Somebody else also did talk about it in the past without sensing the calamity that would befall his hapless father. He is the scion of an illustrious founding member of the party in opposition. The young man is a keen aspirant for the office of the Mayor of Dhaka city and he in an unguarded manner shared the information that his father's party had asked for a large sum to the tune of a few crores in return for the nomination. His father was in the thick of trouble. His allegiance of so many years could not expiate the crime of his son and he was expelled from the party.
Another senior founding member of the party in opposition and once deputy leader of the house fondly wanted to retire as the president of the country although there was not much in it in terms of clout to offer him. He was elected the president of the country after the 2001 election. He could not relish his elevation for long. A malicious rumour struck him down and he was hounded out of office. It circulated that there were raucous demands for his removal reminiscent of the committee of public safety that Robespierre ruled. The exact details of his transgressions did not come out in open, nor did the professor or anybody else speak on it.
The legislative proceedings are indeed interesting subjects. The haste and arrogance are not Bangladesh's own. Most recently, Mayawati Devi, the chief minister of the provincial state of Uttar Pradesh of India, who is much known or criticised for her regal ways got a bill adopted in the state legislature for the division of the provincial state of Uttar Pradesh into four states. The four states include much talked about Purbanchal and Bundelkhand, the drought affected areas for which Mayawati and her Bahujan Samaj Party castigated the central government for its inaction. The other two states of the four are Paschimanchal and Oudh. The similarity with Bangladesh is that it took Mayawati and her Bahujan Samaj Party only 11 MINUTES to pass the bill.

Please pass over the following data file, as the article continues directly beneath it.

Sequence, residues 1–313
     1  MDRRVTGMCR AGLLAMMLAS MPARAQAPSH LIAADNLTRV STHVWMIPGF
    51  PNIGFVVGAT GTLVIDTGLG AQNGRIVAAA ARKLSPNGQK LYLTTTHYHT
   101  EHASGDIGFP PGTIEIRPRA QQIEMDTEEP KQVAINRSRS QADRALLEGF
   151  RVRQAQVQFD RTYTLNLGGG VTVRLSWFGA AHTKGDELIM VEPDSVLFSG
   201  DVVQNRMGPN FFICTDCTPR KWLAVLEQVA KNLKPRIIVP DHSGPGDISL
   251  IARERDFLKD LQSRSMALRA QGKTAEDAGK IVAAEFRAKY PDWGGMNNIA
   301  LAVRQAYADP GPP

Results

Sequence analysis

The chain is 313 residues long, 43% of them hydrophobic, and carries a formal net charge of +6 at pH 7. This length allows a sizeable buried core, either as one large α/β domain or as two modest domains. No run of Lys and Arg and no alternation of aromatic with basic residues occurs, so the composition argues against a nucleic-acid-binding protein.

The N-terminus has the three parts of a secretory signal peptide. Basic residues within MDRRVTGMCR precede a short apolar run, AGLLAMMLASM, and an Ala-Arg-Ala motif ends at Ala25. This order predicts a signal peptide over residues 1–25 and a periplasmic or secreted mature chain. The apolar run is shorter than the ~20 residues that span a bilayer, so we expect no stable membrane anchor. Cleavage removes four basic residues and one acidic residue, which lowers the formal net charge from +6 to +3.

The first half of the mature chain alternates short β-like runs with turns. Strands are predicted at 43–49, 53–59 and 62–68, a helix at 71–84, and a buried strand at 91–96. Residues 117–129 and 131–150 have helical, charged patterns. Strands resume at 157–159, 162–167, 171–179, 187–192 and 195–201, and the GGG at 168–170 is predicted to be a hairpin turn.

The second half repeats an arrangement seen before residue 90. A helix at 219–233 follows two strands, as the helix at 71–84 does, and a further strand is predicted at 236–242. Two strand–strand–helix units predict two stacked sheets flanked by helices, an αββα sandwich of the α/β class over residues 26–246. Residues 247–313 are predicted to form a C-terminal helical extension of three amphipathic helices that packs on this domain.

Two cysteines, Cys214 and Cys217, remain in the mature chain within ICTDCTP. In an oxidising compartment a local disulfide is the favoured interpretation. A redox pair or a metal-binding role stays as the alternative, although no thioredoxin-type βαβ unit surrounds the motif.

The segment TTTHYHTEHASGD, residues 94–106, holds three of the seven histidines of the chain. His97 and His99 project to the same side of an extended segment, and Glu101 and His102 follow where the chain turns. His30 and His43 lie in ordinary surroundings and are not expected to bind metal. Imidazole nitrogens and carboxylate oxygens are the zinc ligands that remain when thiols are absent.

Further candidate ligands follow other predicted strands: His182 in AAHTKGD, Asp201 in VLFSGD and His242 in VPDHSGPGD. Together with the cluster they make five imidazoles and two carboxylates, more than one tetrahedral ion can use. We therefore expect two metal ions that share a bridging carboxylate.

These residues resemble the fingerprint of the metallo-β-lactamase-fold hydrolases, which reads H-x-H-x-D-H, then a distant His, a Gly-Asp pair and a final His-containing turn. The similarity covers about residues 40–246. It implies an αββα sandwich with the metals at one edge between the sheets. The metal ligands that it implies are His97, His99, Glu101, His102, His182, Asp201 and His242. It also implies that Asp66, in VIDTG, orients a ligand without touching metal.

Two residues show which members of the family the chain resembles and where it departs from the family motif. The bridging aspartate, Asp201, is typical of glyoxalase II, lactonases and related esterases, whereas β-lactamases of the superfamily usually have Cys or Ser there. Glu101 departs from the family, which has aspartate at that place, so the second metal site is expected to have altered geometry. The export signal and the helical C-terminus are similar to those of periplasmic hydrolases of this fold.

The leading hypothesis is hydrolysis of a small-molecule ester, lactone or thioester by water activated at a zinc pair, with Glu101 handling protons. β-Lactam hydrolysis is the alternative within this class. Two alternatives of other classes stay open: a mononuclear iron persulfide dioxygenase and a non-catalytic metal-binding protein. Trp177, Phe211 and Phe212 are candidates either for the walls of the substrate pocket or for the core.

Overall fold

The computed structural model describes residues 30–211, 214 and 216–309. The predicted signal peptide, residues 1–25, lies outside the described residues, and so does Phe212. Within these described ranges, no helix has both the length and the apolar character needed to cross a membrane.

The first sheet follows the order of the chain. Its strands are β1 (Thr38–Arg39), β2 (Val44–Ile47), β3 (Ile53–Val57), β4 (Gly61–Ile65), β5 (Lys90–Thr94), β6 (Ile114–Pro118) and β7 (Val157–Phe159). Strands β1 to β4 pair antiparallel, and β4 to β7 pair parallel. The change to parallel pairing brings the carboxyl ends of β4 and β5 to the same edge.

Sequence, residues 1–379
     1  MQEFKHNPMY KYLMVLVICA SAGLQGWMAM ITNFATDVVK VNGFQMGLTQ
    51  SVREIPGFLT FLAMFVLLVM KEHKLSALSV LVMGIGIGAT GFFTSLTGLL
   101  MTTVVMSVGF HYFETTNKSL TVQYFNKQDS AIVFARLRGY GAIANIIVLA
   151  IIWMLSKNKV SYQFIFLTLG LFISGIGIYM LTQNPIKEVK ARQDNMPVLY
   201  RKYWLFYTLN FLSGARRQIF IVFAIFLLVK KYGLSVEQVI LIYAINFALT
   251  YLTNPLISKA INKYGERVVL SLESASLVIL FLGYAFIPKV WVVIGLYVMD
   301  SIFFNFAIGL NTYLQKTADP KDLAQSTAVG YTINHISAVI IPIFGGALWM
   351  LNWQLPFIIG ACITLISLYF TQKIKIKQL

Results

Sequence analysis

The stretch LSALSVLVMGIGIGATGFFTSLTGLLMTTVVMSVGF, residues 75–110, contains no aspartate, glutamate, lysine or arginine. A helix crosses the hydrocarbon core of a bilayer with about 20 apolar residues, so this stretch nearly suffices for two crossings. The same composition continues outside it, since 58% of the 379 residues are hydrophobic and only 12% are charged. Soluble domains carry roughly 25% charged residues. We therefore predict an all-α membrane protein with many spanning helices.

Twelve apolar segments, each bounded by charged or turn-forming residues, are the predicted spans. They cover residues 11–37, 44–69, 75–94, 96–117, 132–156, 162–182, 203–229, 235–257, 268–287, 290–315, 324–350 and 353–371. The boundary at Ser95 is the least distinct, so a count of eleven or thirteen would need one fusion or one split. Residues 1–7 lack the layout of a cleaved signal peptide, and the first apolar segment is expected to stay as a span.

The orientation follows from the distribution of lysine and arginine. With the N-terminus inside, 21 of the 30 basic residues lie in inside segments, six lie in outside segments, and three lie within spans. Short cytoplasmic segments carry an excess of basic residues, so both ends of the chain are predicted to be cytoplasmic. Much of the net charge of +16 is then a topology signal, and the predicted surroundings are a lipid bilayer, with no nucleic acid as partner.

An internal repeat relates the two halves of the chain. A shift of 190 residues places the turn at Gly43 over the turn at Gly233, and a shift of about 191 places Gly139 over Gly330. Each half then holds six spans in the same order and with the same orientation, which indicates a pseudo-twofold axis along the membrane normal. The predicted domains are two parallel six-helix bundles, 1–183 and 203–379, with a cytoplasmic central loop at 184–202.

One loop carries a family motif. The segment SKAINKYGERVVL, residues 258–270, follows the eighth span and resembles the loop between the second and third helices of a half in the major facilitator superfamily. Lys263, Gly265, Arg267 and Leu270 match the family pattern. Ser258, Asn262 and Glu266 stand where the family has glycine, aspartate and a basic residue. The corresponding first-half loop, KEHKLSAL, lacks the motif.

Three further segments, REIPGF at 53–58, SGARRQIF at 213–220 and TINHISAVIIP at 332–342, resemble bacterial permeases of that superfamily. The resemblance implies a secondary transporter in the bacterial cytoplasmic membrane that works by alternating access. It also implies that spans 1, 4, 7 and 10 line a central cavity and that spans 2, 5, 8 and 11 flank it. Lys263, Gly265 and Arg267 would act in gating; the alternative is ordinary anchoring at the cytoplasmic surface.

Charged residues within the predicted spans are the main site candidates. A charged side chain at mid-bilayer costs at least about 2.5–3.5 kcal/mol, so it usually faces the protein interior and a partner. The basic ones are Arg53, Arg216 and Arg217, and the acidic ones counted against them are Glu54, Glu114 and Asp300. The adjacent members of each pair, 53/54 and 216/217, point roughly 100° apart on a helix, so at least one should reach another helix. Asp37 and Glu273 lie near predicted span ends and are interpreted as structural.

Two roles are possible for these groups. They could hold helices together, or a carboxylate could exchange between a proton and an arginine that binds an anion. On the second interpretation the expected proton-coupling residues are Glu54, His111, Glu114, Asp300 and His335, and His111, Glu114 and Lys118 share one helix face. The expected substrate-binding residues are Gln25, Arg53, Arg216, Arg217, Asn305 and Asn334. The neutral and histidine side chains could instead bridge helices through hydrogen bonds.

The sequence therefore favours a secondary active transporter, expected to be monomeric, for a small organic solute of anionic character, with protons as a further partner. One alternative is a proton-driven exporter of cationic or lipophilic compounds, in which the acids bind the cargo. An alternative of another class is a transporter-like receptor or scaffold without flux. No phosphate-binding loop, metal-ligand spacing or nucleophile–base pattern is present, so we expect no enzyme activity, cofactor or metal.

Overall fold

Another side of Seneca's observation also eulogises the season for speech. In legislative parlance legislators resort to filibustering to talk down a bill placed in the legislature. The legislators take unusually long time to submit their observations on the bill placed. American congress in its long history of legislative acumen has interesting examples of filibustering. Strom Thurmond the dour conservative senator of Democratic Party from South Carolina has the record for it. He has the enviable record of talking for 24 hours and 18 minutes against Civil Rights Act of 1957.
Since the fall of the autocratic regime in December 1990, Bangladesh has seen around two decades of parliamentary democracy. It has however not fulfilled the hopes of an effectual parliament and of a political system transparent in its operation, differential of differences and tolerant of divergence of views within the mainstream. The result is a continuing legacy of confrontation and a stern code of enforcing unerring conformity and a secretive culture. Understandably legislative promise and participatory deliberation have little opportunity of contributing to the two important institutions of the country. Bangladesh continues to languish in season of silence.